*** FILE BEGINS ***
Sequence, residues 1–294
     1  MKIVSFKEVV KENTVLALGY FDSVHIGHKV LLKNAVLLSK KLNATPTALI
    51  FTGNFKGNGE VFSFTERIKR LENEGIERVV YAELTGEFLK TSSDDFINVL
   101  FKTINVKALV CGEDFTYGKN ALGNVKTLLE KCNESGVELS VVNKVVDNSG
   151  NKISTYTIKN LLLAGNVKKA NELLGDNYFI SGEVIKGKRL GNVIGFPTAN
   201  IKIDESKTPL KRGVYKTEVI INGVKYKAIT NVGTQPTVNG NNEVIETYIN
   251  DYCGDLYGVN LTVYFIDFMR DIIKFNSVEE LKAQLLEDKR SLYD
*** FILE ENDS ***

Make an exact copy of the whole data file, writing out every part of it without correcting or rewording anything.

Sequence, residues 1–294
     1  MKIVSFKEVV KENTVLALGY FDSVHIGHKV LLKNAVLLSK KLNATPTALI
    51  FTGNFKGNGE VFSFTERIKR LENEGIERVV YAELTGEFLK TSSDDFINVL
   101  FKTINVKALV CGEDFTYGKN ALGNVKTLLE KCNESGVELS VVNKVVDNSG
   151  NKISTYTIKN LLLAGNVKKA NELLGDNYFI SGEVIKGKRL GNVIGFPTAN
   201  IKIDESKTPL KRGVYKTEVI INGVKYKAIT NVGTQPTVNG NNEVIETYIN
   251  DYCGDLYGVN LTVYFIDFMR DIIKFNSVEE LKAQLLEDKR SLYD